Joseph Mallord William Turner

The Arch of Augustus, Rimini


In Tate Britain

Prints and Drawings Room

View by appointment
Joseph Mallord William Turner 1775–1851
Graphite on paper
Support: 111 × 184 mm
Accepted by the nation as part of the Turner Bequest 1856
Turner Bequest CLXXVI 56 a

Catalogue entry

The south-east front of the Roman arch is shown. Retaining its later brick battlements, it now stands in isolation apart from a few metres of the old city wall flanking it to about half its full height, in a grassed area with a path through it aligned with the Corso d’Augusto.
The carved inscription between the battlements and the pediment is fragmentary, and what Turner records reasonably accurately is about all that still survives from the left-hand half, with ‘SENATVS POPVLVSQ[VE ROMANVS]’ set above ‘COS SEPT DESIGNAT OCTAVOM | CELEBERRIMEIS ITALIAE VIEIS CONSILIO’. Among other details, towards the lower left are the high-relief heads from the medallions set in the spandrels. For other views of the arch and Rimini’s Roman bridge, see under folio 57 verso (D14592; CLXXVI 53a).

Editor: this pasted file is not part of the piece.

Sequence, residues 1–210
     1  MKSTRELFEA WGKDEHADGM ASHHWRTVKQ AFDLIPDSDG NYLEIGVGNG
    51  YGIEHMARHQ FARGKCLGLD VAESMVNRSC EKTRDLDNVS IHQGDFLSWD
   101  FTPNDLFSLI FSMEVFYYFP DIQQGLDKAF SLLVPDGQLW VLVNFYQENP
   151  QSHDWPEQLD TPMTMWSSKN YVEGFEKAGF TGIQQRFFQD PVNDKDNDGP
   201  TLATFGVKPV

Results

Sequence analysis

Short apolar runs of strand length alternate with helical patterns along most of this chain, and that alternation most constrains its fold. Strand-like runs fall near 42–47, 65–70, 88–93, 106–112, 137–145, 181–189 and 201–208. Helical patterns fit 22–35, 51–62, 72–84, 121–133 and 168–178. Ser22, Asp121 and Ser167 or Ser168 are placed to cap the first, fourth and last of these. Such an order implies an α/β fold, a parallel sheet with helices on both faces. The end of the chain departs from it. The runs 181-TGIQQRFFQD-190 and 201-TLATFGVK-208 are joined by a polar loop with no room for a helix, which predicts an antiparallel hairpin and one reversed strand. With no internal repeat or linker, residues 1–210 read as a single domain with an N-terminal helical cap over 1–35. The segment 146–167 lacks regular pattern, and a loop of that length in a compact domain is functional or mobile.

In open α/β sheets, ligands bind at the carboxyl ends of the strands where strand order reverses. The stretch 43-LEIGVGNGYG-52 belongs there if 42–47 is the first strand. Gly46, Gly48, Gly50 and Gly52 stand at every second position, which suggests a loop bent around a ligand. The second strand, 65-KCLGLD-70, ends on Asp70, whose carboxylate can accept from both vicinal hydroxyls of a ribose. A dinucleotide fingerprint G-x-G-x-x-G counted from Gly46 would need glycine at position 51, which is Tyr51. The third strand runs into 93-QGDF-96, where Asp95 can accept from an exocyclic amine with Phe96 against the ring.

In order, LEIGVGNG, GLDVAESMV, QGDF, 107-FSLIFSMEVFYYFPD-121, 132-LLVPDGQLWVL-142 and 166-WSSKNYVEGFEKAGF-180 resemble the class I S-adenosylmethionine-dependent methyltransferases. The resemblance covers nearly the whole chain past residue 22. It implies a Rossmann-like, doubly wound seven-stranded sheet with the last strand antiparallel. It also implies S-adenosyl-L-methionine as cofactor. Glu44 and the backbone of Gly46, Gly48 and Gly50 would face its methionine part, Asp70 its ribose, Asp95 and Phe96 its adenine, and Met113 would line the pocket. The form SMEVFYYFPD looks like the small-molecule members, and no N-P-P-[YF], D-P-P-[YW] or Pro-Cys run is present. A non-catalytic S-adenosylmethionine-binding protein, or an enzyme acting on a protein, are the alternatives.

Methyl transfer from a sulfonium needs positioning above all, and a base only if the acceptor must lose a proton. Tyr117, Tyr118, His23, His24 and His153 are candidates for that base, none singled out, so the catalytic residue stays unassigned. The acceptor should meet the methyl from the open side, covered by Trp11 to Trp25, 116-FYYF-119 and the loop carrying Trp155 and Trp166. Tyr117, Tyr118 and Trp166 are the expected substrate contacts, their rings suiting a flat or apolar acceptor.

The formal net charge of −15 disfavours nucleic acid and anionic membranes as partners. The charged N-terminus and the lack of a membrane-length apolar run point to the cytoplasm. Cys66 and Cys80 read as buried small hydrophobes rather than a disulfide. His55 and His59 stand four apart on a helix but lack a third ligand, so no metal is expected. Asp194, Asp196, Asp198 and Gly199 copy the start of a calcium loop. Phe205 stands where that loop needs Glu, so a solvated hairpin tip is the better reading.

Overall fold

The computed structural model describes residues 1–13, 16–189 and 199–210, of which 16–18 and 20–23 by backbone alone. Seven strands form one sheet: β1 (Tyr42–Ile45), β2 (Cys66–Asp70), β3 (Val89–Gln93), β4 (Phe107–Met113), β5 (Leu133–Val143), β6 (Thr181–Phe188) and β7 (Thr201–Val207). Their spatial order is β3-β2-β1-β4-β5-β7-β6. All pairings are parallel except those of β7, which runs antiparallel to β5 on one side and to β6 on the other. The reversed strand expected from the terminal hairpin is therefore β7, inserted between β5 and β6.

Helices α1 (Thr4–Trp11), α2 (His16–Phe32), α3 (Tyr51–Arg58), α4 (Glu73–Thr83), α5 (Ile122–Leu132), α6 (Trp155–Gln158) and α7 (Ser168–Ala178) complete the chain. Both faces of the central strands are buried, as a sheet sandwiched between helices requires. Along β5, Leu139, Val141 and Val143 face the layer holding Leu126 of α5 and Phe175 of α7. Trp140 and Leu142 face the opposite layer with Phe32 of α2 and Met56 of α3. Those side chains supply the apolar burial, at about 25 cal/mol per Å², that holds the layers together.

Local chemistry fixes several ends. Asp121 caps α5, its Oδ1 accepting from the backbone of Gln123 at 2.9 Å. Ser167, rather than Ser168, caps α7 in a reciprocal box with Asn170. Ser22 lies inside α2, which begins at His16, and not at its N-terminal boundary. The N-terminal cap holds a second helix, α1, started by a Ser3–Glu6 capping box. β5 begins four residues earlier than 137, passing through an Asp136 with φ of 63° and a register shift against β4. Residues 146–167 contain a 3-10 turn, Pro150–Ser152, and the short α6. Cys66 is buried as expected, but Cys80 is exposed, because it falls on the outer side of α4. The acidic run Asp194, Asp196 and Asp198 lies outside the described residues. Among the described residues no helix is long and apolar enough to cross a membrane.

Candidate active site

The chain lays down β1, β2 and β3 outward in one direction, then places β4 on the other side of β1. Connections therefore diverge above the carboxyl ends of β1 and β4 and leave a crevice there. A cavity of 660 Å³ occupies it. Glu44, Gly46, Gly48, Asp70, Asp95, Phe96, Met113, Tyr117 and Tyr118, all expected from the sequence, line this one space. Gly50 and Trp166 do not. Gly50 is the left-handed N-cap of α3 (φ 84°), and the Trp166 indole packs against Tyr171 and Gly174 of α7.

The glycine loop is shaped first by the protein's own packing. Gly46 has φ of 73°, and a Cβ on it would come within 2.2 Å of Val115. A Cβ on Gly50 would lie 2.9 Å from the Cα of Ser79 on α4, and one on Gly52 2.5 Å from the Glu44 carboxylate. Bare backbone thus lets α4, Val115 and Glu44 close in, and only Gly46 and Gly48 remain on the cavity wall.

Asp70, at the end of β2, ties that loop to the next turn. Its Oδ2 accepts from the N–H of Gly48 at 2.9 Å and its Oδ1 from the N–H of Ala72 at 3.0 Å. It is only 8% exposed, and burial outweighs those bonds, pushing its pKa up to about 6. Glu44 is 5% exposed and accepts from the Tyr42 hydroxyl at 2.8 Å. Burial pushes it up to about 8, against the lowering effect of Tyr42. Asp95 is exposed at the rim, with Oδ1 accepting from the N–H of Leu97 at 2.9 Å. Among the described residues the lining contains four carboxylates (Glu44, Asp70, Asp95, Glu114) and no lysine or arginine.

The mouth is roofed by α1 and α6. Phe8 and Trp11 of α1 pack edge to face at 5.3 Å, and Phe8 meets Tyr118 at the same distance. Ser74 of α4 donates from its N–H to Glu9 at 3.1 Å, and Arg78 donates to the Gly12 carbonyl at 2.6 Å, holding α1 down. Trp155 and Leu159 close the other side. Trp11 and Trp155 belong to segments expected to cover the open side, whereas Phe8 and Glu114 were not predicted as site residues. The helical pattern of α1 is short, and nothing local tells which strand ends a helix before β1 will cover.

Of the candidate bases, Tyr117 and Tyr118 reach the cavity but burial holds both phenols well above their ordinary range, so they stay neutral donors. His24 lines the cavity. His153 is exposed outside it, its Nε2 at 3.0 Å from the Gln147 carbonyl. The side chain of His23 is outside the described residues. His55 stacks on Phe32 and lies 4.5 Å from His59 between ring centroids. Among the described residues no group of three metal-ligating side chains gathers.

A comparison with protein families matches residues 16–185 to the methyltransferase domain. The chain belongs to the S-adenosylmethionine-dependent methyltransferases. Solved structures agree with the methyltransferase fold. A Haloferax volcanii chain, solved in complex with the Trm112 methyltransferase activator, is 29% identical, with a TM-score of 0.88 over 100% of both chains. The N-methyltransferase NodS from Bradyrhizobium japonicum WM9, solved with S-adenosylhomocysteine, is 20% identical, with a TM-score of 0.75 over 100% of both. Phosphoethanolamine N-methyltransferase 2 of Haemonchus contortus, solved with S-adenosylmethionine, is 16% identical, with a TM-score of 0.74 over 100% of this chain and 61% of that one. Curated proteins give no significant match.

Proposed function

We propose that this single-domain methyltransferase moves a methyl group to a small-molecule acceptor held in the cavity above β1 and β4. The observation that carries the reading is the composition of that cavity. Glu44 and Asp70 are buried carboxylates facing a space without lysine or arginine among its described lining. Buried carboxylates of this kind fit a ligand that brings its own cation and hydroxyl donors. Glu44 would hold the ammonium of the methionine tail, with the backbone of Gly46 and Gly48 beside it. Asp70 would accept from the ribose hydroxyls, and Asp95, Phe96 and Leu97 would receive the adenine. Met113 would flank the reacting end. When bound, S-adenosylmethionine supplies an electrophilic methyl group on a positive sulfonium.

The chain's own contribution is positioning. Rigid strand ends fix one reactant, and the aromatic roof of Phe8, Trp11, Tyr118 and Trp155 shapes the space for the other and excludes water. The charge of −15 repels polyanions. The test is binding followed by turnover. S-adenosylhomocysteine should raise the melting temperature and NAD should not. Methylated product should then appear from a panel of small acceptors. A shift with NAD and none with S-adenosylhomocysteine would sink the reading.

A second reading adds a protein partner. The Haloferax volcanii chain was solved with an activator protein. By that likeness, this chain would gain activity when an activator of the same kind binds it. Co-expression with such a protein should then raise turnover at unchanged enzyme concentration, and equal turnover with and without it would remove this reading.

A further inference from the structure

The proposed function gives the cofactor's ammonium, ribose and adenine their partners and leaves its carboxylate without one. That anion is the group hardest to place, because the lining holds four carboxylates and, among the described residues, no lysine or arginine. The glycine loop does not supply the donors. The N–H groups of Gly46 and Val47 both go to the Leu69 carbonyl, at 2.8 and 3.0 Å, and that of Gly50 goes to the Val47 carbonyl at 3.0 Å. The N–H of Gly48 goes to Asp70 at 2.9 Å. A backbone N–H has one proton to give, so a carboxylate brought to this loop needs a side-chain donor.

Powell has characterised the site as one of those that Turner came across simply by following the major routes through Italy and thus ‘did not have to go out of his way’ to garner a useful store of incidental subjects.1 She has commented on the relatively uneventful phase of Turner’s journey between leaving Bologna and reaching Rimini (folios 43 recto–60 verso; D14566–D14598; Turner Bequest CLXXVI 39a–56a);2 for his overall route south-east between Bologna and Ancona, see the sketchbook’s Introduction.

Matthew Imms
March 2017

See Powell 1984, p.90; see also Powell 1987, p.24.
See Powell 1984, pp.89–90, 465 note 98.

Read full Catalogue entry

You might like